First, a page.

The Significant Supper pt. 4

Jon Williams

The tortured body and dispensed blood of Christ entices different reactions from different people. For Christians, it is an act worthy of commemorating every first day of the week. However, some are completely indifferent to the suffering savior. Perhaps it is a nice sentiment, but the apathetic would remain unresponsive and unrepentant to Jesus of Nazareth. Also, many skeptics scoff at the vicarious suffering of Christ; that is, the offering of his body and blood to atone for humanity’s sins. Their reasoning is that it is foolish for the Lord to send his son to die for us, when he could just forgive the sins altogether without requiring blood. Even Christ’s own disciples varied in their reaction to just the thought of his sacrifice. On at least three different occasions in the book of Mark, Jesus foretells his coming death, burial and resurrection to his disciples. In Mark 8:31-32 they responded with rejection. In Mark 9:31-32 they responded with confusion. And in Mark 10:32-34 they responded with fear. Not one reaction was positive!

We may take for granted that we see the body and blood of Christ in such a positive light, even as a means of worship, when much of the world does not. Jesus himself struggled to be optimistic about the topic at hand. Reasonably, he wouldn’t be happy about what he would endure on the cross. He did embrace the joy to come afterwards (Heb. 12:2), but not the pain that would precede. Prior to his betrayal, and crucifixion thereafter, Jesus retreated to a garden. There, he earnestly prayed, continually petitioning God for relief of the agony that would come; but following up those prayers with a submission to the will of God: “Not my will, but thine, be done.” What a humble attitude in the face of adversity!

But while he strove to make inward peace with his fate, his outward body could not hide the tension. Luke 22:43-44 says, “And being in an agony he prayed more earnestly: and his sweat was as it were great drops of blood falling down to the ground.” There are different takes on what this description means. A simple and textual explanation would suggest this to be a simile. When the word “like” or “as” is used it compares two things in a figurative way: “Life is like a box of chocolates.” Thus, it would imply the blood to be figurative. Jesus was sweating out of his pores like blood rushing out of an open wound! Another, more literal, take on this description is a medical diagnosis. PH.D Alexander Metherell described it this way in an interview, “This is a known medical condition called Hematidrosis. It is not very common but it is associated with a high degree of psychological stress. What happens is that severe anxiety causes the release of chemicals that break down the capillaries in the sweat glands. As a result, there is a small amount of bleeding into the glands, and the sweat comes out tinged with blood. We are not talking about a lot of blood; it’s just a very, very small mount.”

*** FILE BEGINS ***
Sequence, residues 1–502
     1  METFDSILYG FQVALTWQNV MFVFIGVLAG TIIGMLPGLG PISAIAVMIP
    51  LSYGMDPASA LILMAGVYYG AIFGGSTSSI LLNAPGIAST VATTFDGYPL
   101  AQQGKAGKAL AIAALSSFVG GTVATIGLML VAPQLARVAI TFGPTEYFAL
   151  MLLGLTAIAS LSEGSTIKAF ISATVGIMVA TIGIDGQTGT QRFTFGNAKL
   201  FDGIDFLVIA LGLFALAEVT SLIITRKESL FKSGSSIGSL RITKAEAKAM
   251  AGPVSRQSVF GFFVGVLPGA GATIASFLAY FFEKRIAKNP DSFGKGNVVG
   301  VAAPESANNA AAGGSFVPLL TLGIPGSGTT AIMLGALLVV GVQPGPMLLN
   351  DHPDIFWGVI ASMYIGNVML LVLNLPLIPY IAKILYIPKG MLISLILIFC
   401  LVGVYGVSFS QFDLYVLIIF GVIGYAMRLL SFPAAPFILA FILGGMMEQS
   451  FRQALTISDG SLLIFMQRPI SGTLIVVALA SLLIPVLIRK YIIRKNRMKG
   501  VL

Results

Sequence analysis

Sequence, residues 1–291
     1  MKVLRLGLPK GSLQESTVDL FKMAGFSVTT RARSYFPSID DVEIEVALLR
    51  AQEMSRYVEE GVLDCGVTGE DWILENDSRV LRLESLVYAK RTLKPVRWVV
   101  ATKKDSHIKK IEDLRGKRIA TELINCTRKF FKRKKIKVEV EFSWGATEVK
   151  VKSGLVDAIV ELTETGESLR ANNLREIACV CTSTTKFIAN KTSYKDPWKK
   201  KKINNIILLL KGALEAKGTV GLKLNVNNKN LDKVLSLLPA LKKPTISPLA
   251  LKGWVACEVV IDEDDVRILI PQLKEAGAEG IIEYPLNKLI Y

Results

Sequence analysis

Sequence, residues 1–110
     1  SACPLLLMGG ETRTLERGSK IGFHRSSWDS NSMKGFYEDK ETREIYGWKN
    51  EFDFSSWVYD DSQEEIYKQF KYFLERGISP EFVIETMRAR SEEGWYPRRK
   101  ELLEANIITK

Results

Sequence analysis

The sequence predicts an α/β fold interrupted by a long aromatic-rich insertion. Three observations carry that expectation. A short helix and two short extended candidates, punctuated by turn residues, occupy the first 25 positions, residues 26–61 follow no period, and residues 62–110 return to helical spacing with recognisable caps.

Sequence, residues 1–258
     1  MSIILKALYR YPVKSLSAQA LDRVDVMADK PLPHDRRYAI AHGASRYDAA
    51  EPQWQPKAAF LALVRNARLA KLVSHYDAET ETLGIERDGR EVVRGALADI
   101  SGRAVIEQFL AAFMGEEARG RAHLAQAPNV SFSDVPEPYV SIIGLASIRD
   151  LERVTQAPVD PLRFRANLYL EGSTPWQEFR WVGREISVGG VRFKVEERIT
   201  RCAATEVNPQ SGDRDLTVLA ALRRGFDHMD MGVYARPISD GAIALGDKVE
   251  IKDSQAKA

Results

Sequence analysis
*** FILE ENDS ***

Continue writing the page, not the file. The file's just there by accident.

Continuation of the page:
Whether it be a medical diagnosis or a simile, we can see, just from the physical reaction, that Jesus underwent an unfathomable amount of trauma when meditating on his coming death. And who wouldn’t? Well, we don’t; because we don’t have to. By his offering, we avoid the punishment endured on our behalf. And, as we meditate on the body and blood of Christ, we react differently than Jesus. As we eat the bread, we don’t come down with a case of Hematidrosis. As we drink the cup, we don’t profusely sweat in an agonizing emotional rollercoaster. There exist many depressing thoughts; but also a mixture of the joy and comfort that his salvation brought us. One of the greatest reason why the Lord’s Supper is significant: We get to meditate on the body and blood of Christ in a spirit of peace, tranquility and delight!